What can you learn from the women of Maycomb about proper behavior and improper behavior?
The best place to see this is in chapter 24 at the Missionary Society Tea.
This scene is brilliantly written. It is a classic scene of upper-white-Christian-hypocrisy.
The main subject of the conversation is basically about black people in society not knowing their place. The ladies talk on and on about being good Christians, and giving money for mission work in other countries, and not complaining, and other 'what-would-Jesus-do' stuff... but the core of the hypocrisy is in the underlying tone they all take that black people are not equal to white people. To summarize the attitude: They have a place. That place is beneathe us. And as a result of the trial they are getting all "stirred up" and some white folks are encouraging it. Outrageous!
Another huge irony in this scene is that the ladies are indirectly attacking Atticus and Scout doesn't even realize it. The best line is on p. 234 (in the paperback). Scout is thinking to herself:
"There was something about them that I instinctively liked... they weren't - " when Mrs. Meriweather interrupts her thoughts with:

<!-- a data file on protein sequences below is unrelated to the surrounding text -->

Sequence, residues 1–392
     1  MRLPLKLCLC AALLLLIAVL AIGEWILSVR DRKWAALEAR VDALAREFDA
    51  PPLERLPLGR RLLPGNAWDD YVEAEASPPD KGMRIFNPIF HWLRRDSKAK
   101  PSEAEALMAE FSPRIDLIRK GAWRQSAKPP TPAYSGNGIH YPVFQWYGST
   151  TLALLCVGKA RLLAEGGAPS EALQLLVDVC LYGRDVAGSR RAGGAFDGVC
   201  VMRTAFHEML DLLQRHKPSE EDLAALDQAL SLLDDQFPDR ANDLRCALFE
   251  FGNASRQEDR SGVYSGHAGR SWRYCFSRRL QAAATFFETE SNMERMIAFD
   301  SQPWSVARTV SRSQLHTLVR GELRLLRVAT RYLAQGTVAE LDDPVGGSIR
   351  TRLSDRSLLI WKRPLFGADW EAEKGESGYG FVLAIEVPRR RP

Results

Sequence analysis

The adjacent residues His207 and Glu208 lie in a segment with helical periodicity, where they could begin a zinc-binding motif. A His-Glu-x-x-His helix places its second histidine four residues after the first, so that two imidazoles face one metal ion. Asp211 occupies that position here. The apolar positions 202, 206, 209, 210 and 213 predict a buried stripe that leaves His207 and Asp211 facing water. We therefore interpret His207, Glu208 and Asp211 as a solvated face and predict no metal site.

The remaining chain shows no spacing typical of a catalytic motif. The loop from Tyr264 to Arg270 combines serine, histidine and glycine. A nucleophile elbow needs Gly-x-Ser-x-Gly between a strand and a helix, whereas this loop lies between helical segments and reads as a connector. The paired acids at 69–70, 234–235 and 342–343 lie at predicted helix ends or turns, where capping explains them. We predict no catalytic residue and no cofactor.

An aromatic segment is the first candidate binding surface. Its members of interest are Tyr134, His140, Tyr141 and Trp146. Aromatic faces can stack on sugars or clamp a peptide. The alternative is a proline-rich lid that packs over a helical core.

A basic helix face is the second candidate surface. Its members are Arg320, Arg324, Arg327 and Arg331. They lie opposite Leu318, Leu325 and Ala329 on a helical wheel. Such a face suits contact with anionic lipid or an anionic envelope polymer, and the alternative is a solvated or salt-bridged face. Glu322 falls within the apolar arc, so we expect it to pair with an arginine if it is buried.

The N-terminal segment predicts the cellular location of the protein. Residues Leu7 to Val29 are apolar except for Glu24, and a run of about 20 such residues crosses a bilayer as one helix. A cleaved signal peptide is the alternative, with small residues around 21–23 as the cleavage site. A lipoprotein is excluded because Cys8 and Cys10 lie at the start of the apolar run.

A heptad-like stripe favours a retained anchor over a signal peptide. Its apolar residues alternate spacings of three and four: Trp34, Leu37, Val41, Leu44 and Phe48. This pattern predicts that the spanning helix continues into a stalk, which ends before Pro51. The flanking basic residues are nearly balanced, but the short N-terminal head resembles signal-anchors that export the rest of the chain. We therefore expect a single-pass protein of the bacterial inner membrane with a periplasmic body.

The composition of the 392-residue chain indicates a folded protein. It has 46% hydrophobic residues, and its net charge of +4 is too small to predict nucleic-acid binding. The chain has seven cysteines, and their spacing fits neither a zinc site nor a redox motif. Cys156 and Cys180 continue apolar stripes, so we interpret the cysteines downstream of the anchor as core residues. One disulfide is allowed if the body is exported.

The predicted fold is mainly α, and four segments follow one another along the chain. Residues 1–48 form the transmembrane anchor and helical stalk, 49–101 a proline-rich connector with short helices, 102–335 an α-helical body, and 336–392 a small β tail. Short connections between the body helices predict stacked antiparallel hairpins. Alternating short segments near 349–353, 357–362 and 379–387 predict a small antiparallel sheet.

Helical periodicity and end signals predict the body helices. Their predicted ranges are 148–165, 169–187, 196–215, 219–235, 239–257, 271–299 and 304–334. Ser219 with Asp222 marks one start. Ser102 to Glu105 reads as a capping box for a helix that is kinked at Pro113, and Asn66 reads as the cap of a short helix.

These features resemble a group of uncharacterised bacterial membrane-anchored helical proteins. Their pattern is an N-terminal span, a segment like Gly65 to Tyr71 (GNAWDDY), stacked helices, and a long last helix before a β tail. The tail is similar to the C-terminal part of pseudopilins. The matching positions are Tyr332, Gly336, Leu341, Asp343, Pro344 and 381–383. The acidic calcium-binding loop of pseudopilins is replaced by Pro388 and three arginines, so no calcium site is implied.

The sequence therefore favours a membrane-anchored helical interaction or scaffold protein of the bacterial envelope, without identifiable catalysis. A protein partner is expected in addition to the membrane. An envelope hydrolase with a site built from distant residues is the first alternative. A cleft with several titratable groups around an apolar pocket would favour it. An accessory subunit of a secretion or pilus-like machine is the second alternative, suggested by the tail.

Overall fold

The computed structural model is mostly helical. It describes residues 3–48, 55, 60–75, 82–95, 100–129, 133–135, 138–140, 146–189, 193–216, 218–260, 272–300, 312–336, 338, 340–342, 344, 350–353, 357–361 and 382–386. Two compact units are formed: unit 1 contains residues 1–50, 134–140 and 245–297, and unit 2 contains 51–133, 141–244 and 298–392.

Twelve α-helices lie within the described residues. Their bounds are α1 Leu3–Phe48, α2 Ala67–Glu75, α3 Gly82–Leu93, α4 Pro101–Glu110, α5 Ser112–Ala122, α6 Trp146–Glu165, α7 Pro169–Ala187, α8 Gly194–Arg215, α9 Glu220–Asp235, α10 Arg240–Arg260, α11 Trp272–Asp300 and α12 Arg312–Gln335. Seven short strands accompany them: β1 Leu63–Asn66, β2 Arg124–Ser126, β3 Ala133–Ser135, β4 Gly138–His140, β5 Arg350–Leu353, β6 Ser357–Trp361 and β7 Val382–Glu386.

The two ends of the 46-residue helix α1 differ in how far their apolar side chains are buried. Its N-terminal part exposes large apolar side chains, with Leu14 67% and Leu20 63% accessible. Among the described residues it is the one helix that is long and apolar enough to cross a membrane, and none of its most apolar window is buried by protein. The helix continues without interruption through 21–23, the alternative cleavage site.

'Hypocrites, Mrs. Perkins, born hypocrites.'"
It is the perfect finish to the sentence.
In chapter 24, the ladies of Maycomb attend Aunt Alexandra's missionary circle at Atticus's home. While the women are dressed in their finest outfits to discuss J. Grimes Everett's missionary work in Africa, the conversation quickly shifts to the atmosphere of the community following the Tom Robinson trial. The Christian women begin to complain about their black servants, and Mrs. Merriweather indirectly criticizes Atticus for defending Tom Robinson. Scout takes note of their hypocrisy and recognizes how the seemingly morally-upright Christians behave as racist, insensitive individuals behind closed doors. Also, Aunt Alexandra remains composed at all times and appears to be unaffected by Mrs. Merriweather's comment regarding Atticus, as well as her brother's news concerning Tom Robinson's unfortunate death. Scout learns from her aunt the importance of maintaining a composed demeanor at all times regardless of circumstances. Harper Lee scrutinizes hypocritical Christians in chapter 24 by illustrating the racist undercurrent expressed by the female citizens during the missionary circle.
during certain scenes of the novel we can tell that the women of maycomb that they are not sincere, as they “discuss” the certain things and then move on to town gossip and their snacks. The ladies simply gossip and don’t truly care about anyone other than themselves.